Check ‘Developer Tools’ First To Avoid Heavy-ish Dependencies

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Guillaume Pressiat (@GuillaumePressiat) did a solid post & video on using Selenium to scrape a paginated table from understat[.]com/league/EPL/2020 (I just cannot bring myself to provide an active link to any SportsBall site). He does a great job walking folks through acquiring & orchestrating the heavy dependency that is Selenium.

I did a quick “look at browser Developer Tools” tweet a few weeks back that included the entire code for retrieving the Forbes billionaires list via the JSON file the Forbes’ site loads via an XHR request responding to a similar fine article by another R user on using Selenium to do the same thing.

If you find yourself thwarted by rvest::read_html() not returning “nodes that are clearly there” it is likely due to the page rendering nodes dynamically via javascript. Selenium orchestrates full or headless browsers and lets you scrape the dynamically rendered DOM. You can see this yourself if you first view the source of an HTML page (via the browser’s “view source” menu) and then use Developer Tools to inspect the browser session. The “view source” view (in Blink-based browsers, at least) will be the raw, unrendered source HTML from the site and the DevTools “Elements” tab will have the rendered DOM elements.

The “Nework” tab of DevTools has an “XHR” tab of its own, but if you try to use it on this SportsBall site to see the JSON it loads, you’ll be bitterly disappointed because — while it does indeed render JSON into HTML DOM nodes dynamically — that JSON is embedded in the web page:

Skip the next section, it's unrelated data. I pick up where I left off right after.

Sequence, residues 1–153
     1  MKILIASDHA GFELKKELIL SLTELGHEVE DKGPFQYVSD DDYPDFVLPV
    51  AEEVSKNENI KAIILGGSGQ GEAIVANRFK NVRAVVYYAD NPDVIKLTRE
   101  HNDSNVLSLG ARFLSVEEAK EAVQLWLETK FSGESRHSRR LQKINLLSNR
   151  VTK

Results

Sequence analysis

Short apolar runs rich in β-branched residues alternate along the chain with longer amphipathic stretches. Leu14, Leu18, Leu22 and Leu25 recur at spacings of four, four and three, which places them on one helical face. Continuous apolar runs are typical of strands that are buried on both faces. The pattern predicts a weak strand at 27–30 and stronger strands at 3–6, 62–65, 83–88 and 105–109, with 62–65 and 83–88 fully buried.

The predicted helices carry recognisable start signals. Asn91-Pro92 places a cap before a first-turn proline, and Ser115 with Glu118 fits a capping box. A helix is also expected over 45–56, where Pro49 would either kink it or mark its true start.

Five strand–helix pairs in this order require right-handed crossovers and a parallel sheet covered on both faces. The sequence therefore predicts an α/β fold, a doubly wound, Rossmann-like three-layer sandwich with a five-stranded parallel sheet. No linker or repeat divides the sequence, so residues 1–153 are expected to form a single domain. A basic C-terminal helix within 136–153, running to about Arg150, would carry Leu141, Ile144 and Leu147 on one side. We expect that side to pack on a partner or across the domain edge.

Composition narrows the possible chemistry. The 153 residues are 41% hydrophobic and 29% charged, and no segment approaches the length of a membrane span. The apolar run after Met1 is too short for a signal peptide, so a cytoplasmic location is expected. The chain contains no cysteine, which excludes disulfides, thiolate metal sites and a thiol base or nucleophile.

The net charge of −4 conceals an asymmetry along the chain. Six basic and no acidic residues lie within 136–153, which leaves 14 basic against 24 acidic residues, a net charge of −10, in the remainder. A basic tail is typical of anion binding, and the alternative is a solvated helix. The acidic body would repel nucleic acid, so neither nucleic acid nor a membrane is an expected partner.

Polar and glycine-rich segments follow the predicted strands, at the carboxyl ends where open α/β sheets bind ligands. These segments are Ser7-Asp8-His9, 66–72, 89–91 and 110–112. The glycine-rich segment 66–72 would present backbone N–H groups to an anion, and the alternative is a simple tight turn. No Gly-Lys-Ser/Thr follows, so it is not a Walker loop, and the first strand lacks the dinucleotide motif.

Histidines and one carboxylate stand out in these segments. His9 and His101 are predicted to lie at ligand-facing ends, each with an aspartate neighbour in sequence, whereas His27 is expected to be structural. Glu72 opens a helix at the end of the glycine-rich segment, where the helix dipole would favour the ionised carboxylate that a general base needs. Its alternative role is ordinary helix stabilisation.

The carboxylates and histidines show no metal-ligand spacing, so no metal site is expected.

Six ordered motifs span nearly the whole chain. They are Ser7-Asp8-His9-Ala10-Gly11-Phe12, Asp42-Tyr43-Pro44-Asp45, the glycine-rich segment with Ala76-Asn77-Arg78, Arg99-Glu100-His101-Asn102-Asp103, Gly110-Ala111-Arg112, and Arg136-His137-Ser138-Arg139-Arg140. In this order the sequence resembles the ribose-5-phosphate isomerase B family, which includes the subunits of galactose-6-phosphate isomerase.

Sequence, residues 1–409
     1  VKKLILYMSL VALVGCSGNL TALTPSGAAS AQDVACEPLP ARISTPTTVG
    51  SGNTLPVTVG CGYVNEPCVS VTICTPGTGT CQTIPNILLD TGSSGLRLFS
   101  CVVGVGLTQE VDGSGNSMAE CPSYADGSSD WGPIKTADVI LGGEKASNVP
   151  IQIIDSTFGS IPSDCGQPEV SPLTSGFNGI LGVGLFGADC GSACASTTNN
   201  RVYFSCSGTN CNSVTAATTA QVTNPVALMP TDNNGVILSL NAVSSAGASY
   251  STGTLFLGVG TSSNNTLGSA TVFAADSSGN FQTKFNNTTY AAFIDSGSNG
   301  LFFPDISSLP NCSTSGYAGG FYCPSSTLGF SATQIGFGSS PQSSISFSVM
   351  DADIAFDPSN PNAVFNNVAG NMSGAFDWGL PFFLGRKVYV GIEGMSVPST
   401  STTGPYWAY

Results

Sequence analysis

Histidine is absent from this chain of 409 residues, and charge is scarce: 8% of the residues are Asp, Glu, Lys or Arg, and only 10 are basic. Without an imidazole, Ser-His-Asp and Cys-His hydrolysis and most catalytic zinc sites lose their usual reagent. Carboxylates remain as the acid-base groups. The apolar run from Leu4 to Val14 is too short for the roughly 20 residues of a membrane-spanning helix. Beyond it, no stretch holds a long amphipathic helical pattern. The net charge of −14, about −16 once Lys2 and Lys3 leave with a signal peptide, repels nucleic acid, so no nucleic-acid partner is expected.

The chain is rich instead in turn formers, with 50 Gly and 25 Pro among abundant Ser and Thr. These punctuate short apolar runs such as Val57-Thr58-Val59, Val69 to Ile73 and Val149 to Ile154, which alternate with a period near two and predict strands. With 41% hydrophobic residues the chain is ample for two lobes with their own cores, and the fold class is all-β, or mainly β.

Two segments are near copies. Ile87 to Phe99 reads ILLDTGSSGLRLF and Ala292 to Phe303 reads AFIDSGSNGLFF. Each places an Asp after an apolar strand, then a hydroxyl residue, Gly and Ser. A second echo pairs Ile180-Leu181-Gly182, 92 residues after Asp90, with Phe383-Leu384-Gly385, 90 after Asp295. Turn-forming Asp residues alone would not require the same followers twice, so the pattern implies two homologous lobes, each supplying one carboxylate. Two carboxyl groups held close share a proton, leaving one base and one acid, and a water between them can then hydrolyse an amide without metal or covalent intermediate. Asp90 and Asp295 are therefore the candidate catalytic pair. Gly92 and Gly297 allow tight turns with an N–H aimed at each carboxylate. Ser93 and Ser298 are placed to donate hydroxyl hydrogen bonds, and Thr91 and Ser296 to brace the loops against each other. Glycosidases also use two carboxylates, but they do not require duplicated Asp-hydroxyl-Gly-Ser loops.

sportsball DOM node with JSON

We can work in two different ways without the use of Selenium.

First, we’ll “cheat” and use the {V8} package, which is an R interface to a javascript virtual machine, the type of which browsers use to run javascript on web pages. I say “cheat” because we’re still depending on a chunk of a browser engine.

Let’s get some boilerplate out of the way:

library(V8)        # V8 engine
library(rvest)     # Scraping
library(stringi)   # String manipulation which we'll use later
library(tidyverse) # Duh

ctx <- v8() # create a new instance of the javascript VM

pg <- read_html("https://understat.com/league/EPL/2020") # read sportsball page

If you examine the SportsBall page you’ll see that JSON.parse in a few different locations, let’s target them all:

html_nodes(pg, xpath = ".//script[contains(., 'JSON.parse')]")
## {xml_nodeset (4)}
## [1] 
		

            

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